Let’s see, oh, a conversation with an older child in which older child complained about younger brother being terribly immature, in a way he was not when he was that age:  “mom, he can’t even tie his own shoes. And he can’t just USE the bathroom, he has to talk about it. A lot.” Several moments of laughter, which I should have suppressed because it’s not nice to laugh at the fruit of your husband’s loins, but really, I’ve noticed these two attributes of terrible immaturity seem to be evenly spread throughout the male line in our household.

In an effort to game the Laughter Audit (and at least see if we can approach the laugh per day numbers of, say, a mirthful young adult), we’re going to watch our netflix movie at dinner tonight. And no, we don’t do that all the time. It’s plain weird having the computer on your dinner table, which is the only way we can watch dvds. It’s like having a super geeky dinner guest at your table.  One who doesn’t eat  but just watches you.   We’ve been on a Sitcoms-From-Days-Gone-By kick, so tonight it’s Leave it To Beaver. We’ll see. I like the Beave, and sometimes watching the parents interact totally cracks us up, so different are they from we.

Happy Evening (or morning or afternoon, depending on your time zone, of course), BL

Mid-Century Pleasures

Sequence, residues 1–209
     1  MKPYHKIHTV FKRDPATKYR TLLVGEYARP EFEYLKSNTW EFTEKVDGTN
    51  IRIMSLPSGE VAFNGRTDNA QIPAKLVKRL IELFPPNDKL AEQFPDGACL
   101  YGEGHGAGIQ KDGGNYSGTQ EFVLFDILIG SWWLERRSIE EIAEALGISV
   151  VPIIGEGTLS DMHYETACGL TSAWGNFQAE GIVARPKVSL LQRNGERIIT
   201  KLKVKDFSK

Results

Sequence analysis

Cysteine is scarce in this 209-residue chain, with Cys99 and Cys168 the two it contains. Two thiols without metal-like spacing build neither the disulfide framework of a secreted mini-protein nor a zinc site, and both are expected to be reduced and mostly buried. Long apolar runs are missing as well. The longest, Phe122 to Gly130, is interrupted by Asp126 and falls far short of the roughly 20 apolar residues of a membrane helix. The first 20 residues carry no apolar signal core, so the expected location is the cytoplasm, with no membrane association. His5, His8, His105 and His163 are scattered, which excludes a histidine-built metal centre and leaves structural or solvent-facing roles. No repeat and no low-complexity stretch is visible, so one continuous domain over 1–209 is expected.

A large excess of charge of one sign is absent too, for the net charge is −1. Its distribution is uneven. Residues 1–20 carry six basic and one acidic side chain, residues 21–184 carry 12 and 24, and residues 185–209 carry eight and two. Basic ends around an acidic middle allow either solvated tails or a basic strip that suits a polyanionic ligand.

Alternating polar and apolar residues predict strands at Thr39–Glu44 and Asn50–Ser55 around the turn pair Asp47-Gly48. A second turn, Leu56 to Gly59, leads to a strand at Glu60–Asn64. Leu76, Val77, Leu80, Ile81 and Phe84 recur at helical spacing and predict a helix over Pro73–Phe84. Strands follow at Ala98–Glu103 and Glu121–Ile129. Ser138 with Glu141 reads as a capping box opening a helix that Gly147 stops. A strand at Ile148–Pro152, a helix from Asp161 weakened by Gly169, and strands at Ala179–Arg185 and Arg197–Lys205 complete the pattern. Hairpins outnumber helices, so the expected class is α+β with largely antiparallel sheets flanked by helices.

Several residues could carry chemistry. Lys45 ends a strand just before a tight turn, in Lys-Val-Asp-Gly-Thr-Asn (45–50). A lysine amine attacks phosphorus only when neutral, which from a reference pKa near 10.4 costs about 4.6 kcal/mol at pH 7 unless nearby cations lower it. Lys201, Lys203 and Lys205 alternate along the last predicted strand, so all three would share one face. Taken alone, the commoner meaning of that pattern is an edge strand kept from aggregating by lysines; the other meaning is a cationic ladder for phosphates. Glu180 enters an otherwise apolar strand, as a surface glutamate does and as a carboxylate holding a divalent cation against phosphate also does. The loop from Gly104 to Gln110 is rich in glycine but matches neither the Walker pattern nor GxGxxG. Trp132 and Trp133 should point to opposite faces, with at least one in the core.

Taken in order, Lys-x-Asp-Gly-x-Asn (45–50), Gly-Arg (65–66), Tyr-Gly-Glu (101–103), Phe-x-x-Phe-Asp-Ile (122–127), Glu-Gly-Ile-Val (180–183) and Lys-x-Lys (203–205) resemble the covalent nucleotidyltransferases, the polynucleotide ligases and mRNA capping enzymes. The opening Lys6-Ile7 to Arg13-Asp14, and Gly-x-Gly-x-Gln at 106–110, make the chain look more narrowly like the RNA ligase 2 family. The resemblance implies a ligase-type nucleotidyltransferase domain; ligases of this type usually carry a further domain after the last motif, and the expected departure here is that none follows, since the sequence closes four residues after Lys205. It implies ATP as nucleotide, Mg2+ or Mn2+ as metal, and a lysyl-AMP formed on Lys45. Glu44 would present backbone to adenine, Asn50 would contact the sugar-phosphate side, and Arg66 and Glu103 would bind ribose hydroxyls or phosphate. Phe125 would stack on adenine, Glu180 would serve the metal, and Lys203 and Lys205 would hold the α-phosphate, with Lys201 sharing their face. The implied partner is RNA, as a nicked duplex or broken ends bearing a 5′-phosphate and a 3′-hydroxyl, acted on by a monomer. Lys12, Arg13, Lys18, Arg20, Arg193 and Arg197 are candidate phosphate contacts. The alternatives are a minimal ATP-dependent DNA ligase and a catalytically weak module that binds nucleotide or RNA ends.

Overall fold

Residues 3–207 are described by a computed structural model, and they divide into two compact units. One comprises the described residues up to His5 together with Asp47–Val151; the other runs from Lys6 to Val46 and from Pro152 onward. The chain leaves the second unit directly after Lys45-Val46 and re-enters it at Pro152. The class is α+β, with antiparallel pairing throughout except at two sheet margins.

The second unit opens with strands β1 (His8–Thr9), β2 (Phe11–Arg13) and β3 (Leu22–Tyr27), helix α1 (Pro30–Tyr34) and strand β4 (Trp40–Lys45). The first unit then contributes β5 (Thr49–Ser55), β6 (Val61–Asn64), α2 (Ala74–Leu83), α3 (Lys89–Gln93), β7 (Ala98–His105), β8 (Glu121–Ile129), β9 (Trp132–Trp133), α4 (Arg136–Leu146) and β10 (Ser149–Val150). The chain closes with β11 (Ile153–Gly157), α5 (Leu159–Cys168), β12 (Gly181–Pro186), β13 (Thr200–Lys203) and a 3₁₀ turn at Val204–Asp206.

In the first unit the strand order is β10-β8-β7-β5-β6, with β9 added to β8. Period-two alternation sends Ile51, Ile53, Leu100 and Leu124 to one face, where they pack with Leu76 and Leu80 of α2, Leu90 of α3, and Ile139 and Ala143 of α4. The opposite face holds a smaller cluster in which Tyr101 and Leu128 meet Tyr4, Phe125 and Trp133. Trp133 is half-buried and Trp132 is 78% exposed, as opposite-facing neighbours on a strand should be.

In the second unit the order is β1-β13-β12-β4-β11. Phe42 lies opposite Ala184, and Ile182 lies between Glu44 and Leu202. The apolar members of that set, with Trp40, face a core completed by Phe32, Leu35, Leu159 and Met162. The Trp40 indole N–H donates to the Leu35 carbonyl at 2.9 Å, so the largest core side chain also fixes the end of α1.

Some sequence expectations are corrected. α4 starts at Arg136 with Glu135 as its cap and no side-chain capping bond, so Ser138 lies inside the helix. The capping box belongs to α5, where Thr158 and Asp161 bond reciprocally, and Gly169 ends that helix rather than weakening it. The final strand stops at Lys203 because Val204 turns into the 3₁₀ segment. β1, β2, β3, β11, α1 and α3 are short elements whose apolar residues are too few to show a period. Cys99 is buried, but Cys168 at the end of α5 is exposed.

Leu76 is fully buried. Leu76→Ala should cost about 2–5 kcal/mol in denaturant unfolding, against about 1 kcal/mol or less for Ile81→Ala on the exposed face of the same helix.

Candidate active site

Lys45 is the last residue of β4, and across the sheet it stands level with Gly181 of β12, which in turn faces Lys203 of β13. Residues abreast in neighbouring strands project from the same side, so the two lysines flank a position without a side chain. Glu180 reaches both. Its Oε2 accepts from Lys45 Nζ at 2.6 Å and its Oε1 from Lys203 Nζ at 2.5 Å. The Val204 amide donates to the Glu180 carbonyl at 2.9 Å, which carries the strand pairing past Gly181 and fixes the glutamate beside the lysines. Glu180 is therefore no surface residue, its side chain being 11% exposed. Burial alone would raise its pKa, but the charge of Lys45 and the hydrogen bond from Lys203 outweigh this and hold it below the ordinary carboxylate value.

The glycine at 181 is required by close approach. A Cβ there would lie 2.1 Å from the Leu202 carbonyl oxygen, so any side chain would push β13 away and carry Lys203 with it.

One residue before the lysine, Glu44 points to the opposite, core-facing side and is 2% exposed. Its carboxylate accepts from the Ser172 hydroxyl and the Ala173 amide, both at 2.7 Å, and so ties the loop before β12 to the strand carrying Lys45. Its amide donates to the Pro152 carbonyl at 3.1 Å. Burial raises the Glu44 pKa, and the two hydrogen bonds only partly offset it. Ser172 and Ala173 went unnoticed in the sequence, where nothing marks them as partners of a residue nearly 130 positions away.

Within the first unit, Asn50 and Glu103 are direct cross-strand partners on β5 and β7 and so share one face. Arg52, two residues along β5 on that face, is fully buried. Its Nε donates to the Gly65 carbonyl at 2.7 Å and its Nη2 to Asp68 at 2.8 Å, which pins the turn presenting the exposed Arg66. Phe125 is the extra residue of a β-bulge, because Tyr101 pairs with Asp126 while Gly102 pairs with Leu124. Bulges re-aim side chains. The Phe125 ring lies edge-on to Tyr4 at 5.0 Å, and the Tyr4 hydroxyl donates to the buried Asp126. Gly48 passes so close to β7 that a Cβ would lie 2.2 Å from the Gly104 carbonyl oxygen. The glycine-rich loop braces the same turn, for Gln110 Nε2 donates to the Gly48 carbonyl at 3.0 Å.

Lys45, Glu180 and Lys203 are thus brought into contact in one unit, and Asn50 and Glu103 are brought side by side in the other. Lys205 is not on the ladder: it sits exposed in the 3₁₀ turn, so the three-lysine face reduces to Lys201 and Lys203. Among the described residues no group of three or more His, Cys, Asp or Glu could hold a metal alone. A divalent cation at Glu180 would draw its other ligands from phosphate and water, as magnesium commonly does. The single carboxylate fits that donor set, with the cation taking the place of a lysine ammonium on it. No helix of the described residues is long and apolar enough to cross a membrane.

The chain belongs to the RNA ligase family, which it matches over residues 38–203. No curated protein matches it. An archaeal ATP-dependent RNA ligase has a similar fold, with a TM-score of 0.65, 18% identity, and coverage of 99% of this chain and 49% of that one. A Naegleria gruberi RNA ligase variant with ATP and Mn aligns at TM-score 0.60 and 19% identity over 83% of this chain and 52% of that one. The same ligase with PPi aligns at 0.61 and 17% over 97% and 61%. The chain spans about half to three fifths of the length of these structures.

Generally, the 1950s conjure up images of frozen women dressed in poofy pastel party dresses, lips composed in tight smiles, valium or booze keeping them still and uncomplaining, men with pipes in their mouths, absolutely dominant in the workplace and at home, lots of cardigans and golf on the weekends, and white faces, everywhere you look.

In fact, as Patrick of Anecdotal Evidence recently pointed out, huge things were happening in the 1950s, subversive things, fun things. And so this got me thinking — if I was allowed to import a bit of that time into this one, what would I chose? Well, I’d pick midcentury office supplies — and midcentury work habits.

In my office I’ve got the sleekest, sweetest tape dispenser, one that says something important about that time. Which is that sex can exist beautifully under the surface. It’s there in the curved line of this object, dispensing tape and eroticism at the same time. (There’s something a little scary and weird lurking in that sentence, but I’ll just leave it there, in a 1950s kind of way.) It was certainly a time when sex was not in your face every time you turned around. And yes, I know, repression is bad — but so is the sexualization of everything and everyone under the sun.

And then there’s the fountain pen. It says, I’m not in a huge hurry. I can take my time thinking about what I want to say. In a world where writing tools consisted of fountain pens, sleek ballpoints and really stylish typewriters, and idea distribution was pretty much limited to stamps and envelopes and slow boats to Europe and the occasional very expensive phone call, no one would be able to instantly deliver a hasty ad hominum attack on a work colleague. If someone in Brussells wants to tell me what an idiot I’ve been, that news won’t arrive for weeks and weeks, well after everyone’s forgotten the incident (or maybe after it’s already been fixed) And the sender will most likely have forgotten too, so in all likelihood such messages just wouldn’t be sent. And if the colleague was a bit closer, there was still a code of communication that made ad hominum attacks much rarer than they are now.